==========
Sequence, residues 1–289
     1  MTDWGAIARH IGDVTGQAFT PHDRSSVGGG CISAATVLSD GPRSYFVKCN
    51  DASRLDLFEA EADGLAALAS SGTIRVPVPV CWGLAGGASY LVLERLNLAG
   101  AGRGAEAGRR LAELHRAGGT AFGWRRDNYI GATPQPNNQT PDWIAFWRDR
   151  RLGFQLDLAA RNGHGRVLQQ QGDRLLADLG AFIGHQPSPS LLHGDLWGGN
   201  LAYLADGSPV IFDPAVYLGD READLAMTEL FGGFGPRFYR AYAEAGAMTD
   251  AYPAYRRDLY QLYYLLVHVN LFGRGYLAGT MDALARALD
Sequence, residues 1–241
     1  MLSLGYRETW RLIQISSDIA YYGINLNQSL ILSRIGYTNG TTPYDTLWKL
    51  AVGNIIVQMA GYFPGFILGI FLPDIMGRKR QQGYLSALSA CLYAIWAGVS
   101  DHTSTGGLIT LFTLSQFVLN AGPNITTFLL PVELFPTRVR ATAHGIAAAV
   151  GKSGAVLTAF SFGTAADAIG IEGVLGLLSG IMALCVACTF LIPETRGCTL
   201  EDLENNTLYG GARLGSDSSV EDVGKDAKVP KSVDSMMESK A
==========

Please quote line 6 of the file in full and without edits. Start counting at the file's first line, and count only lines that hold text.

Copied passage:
   201  LAYLADGSPV IFDPAVYLGD READLAMTEL FGGFGPRFYR AYAEAGAMTD